Reflections on Almost 10 Years in Lean Healthcare
I often get asked, “How did you get into healthcare?” I was working on a chapter for a Lean healthcare compilation book that's being published in Holland and I wrote the following material that wasn't the right fit for that chapter, but I wanted to share below:
It has now been just about ten years since my interest in Lean healthcare was sparked by a visit to a hospital emergency room in Scottsdale, Arizona. Thankfully, I was there as a visitor, not a patient (no offense to the hospital, I'm just glad to not be a patient anywhere). At the time, I worked for Honeywell, a global manufacturing company, in a “Lean manufacturing” role. Within the Phoenix area, we had an informal network of Lean practitioners from different companies who met quarterly to discuss Lean and to do a “gemba walk” at one of our facilities.
In early 2005, we had the opportunity to visit Scottsdale Hospital to see how Lean was being applied in the emergency department. The efforts were being led by two women who had left Motorola, bringing their Lean and Six Sigma experience with them. I was impressed with what I saw and it opened my eyes to the potential of Lean in healthcare.
Although it was the very early days of Lean in healthcare, I tried reading as much as I could find on the internet about the challenges faced by hospitals and health systems and how Lean principles were being applied (or could be applied, as the hypothesis would be stated). This interest and research led to me taking a new job, with Johnson & Johnson, as part of a consulting group that helped introduce Lean to hospitals through training classes and project work.
In 2005, when I started that job, we still spent much of our time trying to convince people that Lean would be applicable to healthcare. Much of the early convincing took place in hospital laboratories, which was somewhat natural since labs are more like a high-tech factory than other parts of a hospital. Even if laboratory directors weren't interested, at that point, in Lean as a management system, they were greatly interested in the results that early adopters of Lean in labs had achieved, including 30 to 70% reductions in test turnaround times, improved productivity, and reduced error rates.
While there was a fair amount of interest from the labs and hospitals in “cost cutting,” our work at Johnson & Johnson was based on a commitment that nobody would lose their jobs as the result of Lean. To use Lean to drive layoffs would ensure that people would not participate in the Lean improvement process. Instead, we used Lean to reduce spending on supplies and reagents and to increase the volume of lab testing that could be done without hiring more staff. There was also great interest in improving quality – both through reducing turnaround times and reducing labeling errors and the like.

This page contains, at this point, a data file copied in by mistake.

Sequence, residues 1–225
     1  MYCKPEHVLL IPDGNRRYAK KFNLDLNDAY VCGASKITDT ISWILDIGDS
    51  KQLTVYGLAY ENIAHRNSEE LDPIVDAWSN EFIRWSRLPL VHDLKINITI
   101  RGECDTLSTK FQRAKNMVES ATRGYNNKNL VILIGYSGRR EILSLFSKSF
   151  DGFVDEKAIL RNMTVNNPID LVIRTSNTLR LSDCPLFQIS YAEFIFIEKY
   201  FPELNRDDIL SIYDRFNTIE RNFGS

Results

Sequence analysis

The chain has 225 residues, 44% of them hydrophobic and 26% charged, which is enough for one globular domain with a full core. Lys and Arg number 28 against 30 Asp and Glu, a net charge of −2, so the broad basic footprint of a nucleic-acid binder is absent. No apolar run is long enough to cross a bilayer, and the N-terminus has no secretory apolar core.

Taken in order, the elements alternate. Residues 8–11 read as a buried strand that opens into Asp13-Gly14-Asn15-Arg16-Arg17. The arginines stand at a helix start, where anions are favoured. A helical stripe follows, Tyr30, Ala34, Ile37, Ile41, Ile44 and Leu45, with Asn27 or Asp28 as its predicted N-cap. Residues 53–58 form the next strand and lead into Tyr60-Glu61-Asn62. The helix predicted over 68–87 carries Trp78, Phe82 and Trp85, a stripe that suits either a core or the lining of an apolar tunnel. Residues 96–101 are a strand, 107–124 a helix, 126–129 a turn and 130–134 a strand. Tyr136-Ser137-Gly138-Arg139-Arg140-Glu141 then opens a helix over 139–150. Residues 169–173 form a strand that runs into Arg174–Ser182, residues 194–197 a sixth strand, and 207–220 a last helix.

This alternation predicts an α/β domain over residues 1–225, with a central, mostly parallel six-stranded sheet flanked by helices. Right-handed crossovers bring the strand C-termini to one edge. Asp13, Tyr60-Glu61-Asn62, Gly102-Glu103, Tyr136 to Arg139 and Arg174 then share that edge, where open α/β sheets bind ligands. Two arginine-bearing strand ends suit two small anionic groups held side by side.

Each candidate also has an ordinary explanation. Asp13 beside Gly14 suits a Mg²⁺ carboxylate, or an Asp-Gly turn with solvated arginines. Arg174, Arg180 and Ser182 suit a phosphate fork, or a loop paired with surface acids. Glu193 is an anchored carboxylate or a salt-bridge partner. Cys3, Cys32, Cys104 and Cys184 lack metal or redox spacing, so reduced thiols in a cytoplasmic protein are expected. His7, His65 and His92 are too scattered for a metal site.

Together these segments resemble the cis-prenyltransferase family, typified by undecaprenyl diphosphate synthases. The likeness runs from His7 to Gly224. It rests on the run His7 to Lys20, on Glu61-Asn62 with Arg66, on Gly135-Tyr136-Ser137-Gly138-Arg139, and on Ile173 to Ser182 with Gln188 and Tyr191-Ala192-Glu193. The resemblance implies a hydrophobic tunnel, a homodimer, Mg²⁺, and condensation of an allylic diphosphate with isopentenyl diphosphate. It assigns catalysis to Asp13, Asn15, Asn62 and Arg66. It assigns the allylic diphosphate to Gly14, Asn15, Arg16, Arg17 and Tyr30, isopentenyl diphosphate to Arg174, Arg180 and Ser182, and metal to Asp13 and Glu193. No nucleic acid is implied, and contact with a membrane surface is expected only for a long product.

Over time, Lean became established as the new “best practice” in laboratory medicine. We then spent time, as others did, convincing other parts of the hospital that they could also use Lean methods and management practices to improve patient care and performance in many dimensions.
It's easy for healthcare professionals and leaders to focus on how they are different than manufacturing. Yes, it's true that healthcare is very different than manufacturing in many ways, but that means that we need to, if anything, figure out how to adapt Lean thinking to healthcare instead of making excuses that prevent us from trying.
Even as Lean spread within healthcare, different disciplines and departments would often focus on how they are different. If Lean had been adopted initially in the core clinical laboratory, the microbiology and histology areas might complain that they are different in their volumes and processes. Areas like the emergency department or radiology could argue they are different than lab because they directly interact with patients more often. But, we've found and proven, in practice, that Lean principles are robust enough to solve problems and improve the workplace in many different environments.
With all of the books, case studies, and journal articles published over the last ten years, we have moved beyond the early days when the primary question was, “Can Lean work in healthcare?” That question has been definitively answered as a resounding “yes.”